In ‘Team Teaching’, teachers may act as a tag team where both teachers deliver the lesson together. Either teacher can raise points or ‘interrupts strategically’ at any time, but should be done professionally and smartly so as not to be labelled by students or the other teacher as rude or trying to monopolize the lesson. Both teachers can model discussing methods by bouncing ideas off each other or raise questions and giving answers to each other. One caution is to ensure minimal teacher-talk or repetition and ignoring student participation totally.
If a school is about to embark in co-teaching, it is best to start off co-teachers with the ‘Supportive Co-teaching’ or ‘Parallel Co-teaching’ methods. These 2 methods or approaches involve or require less coordination among the co-teachers. ‘Complementary Co-teaching’ and ‘Team Teaching’ approaches demand greater commitment and skill in collaborative planning and role release among the co-teachers. They also require more time, coordination, knowledge of and trust in one another’s skills which also means administration needs to provide common time for the co-teachers to meet up and plan.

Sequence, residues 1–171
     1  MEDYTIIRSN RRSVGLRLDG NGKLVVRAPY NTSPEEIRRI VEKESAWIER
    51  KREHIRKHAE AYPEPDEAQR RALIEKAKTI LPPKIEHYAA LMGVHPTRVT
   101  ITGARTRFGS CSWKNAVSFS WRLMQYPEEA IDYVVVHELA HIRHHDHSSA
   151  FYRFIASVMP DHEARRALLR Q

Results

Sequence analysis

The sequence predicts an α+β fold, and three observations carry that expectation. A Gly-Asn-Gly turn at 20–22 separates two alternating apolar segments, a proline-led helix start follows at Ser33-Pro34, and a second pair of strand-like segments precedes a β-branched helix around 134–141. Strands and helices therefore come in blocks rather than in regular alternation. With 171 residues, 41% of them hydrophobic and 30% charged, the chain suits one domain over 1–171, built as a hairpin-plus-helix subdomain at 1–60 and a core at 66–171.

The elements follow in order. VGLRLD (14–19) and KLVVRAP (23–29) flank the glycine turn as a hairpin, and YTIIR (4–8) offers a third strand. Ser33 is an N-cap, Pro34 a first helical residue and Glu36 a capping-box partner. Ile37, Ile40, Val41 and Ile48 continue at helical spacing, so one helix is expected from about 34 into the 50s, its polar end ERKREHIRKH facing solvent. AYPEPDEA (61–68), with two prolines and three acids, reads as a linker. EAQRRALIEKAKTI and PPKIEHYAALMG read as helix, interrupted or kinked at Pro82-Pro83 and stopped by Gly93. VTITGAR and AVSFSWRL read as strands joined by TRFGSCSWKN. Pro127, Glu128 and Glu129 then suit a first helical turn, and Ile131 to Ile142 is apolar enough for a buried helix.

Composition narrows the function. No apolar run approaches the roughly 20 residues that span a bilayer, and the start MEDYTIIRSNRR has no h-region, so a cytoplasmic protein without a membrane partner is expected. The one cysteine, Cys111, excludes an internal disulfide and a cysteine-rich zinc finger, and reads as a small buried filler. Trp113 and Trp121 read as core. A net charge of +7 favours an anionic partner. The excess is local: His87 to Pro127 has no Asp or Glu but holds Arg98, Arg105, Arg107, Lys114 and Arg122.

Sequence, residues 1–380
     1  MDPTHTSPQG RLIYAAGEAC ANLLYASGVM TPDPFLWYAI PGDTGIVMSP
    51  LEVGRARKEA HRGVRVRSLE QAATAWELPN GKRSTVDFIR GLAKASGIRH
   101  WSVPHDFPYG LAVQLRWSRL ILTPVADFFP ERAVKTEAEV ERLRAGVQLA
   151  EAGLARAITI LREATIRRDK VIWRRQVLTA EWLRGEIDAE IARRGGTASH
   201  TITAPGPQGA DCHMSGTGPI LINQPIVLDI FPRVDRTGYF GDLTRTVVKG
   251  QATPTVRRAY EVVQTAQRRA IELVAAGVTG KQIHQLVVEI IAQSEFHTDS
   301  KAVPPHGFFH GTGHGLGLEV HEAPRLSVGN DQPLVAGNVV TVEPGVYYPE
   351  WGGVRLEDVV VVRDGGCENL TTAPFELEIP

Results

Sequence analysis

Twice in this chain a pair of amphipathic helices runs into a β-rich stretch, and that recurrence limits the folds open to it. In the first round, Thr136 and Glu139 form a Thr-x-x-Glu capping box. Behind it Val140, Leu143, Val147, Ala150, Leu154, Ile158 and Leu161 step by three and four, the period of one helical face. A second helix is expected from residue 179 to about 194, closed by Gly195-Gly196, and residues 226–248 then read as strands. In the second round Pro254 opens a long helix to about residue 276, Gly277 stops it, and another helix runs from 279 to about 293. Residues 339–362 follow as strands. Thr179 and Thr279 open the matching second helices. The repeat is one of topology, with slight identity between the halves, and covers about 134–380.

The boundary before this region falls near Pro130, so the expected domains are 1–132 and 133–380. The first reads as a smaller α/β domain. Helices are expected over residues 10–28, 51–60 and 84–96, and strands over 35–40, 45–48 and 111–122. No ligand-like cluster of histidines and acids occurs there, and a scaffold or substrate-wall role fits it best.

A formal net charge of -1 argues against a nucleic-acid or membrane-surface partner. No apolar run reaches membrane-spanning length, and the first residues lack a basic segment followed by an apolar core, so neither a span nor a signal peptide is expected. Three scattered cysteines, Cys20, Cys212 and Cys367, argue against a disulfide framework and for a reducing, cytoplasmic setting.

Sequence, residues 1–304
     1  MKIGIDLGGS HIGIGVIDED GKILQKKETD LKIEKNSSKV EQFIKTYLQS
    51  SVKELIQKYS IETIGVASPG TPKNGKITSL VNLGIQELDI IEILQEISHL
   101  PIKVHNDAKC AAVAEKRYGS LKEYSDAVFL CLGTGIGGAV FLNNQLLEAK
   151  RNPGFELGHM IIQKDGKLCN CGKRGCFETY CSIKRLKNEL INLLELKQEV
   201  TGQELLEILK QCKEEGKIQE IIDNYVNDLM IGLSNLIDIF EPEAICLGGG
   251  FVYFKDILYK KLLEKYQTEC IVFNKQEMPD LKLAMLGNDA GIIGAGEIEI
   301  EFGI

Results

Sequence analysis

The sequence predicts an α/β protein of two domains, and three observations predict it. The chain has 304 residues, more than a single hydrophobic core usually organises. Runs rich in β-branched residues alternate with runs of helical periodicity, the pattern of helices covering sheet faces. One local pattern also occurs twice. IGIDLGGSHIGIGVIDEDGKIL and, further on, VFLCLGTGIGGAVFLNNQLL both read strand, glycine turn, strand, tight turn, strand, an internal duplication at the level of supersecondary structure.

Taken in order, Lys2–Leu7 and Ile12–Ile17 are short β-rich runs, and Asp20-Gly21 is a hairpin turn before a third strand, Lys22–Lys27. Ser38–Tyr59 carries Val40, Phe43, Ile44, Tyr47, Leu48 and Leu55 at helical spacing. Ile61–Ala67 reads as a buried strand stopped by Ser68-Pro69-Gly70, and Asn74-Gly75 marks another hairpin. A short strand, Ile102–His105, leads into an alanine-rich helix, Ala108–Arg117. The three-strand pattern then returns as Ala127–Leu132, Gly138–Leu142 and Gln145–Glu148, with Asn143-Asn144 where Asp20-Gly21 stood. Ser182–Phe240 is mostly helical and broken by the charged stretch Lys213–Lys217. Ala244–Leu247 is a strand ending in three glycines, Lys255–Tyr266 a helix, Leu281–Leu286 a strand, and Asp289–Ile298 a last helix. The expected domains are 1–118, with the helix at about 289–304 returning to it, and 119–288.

To conclude this article, it is pertinent to remember these points about Co-Teaching:-
- There are two or more co-teachers in the classroom.
- Co-teachers capitalize on each other’s strengths, proficiency, talent and expertise.
- Co-teaching provides greater teacher/student ratio (1:10 or 1:15 instead of 1:20 or 1:30) in the classroom.
- All co-teaching strategies or approaches have useful benefits but there are also cautions which co-teachers need to be aware of.
- Students should be heterogeneously grouped with mixed abilities and interests, not homogeneously grouped by abilities only.
- Co-teaching requires mutual trust, commitment, lots of communication, planning time and coordination of effort.
- Both co-teachers are responsible for classroom management, planning a differentiated instructional plan, delivery of the lesson and assessing the students.
Co-teaching is workable and beneficial because different teachers have different strengths and weaknesses and students can thus benefit from each teacher’s expertise and skills.